LEE: Lack condoms puts young people at risk in festive season

Like it or not, young people are going to have sex, with or without condoms

In Summary

• Good Santas and pragmatic parents and institutions will fill Christmas stockings with condoms.

• Cheap Santas and Scroogelike parents and institutions will fill Christmas stockings with lumps of coal and say Bah humbug. 


The risk of teenage pregnancies, the effects of risky sexual behaviours and the lack of condoms are significant concerns that urgently need to be addressed. It's probably too late this Christmas. 

These issues can have severe consequences for young people's health and well-being, and long-term effects on the population's overall health.

According to the United Nations Population Fund data, Kenya has one of the highest rates of teen pregnancies in the world. Nearly one in four girls between the ages of 15 and 19 become pregnant.

This trend is particularly concerning because teenage pregnancies can negatively affect a young girl's education. Many girls are forced to drop out of school due to pregnancy and motherhood's physical and emotional challenges.

This can limit their future opportunities and earning potential and contribute to the poverty cycle in their communities.

Risky sexual behaviour among young people during this festive season will also have adverse effects. It will increase the risk of STIs and unintended pregnancies, which can have long-term consequences for young people's physical and emotional well-being.

In addition, engaging in risky sexual behaviour can cause conflicts and interpersonal issues within families and communities. It can contribute to the spread of HIV, which is currently high among the young demographic.

The lack of condoms in Kenya is another issue that needs to be addressed. When condoms are not readily available, people may be unable to protect themselves and their partners from the risks associated with unprotected sex.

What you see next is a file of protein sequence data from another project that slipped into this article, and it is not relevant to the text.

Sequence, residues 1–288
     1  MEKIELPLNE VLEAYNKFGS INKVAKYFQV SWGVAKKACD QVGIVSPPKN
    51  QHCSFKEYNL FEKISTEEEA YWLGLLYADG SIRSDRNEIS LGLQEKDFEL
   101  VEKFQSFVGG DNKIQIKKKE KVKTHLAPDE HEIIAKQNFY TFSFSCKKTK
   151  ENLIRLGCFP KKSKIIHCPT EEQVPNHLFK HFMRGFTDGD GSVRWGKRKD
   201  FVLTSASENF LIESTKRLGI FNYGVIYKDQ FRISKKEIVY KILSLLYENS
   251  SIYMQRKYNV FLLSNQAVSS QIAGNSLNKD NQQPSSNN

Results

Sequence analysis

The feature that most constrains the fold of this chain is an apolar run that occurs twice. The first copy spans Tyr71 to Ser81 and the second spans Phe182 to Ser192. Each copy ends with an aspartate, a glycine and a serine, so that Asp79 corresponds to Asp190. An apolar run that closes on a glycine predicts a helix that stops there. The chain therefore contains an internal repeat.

There may be cultural or religious barriers to their use and a lack of education and access to sexual and reproductive health services.

However, condoms are essential commodities for the country to have a stock out on. This will make it difficult for young people to obtain condoms for their protection.

The government and other organisations must provide young people with education and support to address these issues. This can include providing accurate information about the importance of condoms and how to use them properly and making sure that condoms are readily available and affordable.

It is also vital to ensure that young people have access to sexual and reproductive health services to make informed decisions about their sexual and reproductive health.

Parents should not be left out in this conversation; in this festive season, they should be aware of their child's lives and be present, as this will primarily contribute to averting the possible doom on the way.

By addressing these issues, we can help to improve the health and well-being of young people in Kenya.

Communications officer at Centre for the Study of Adolescence. @emmanuellee254

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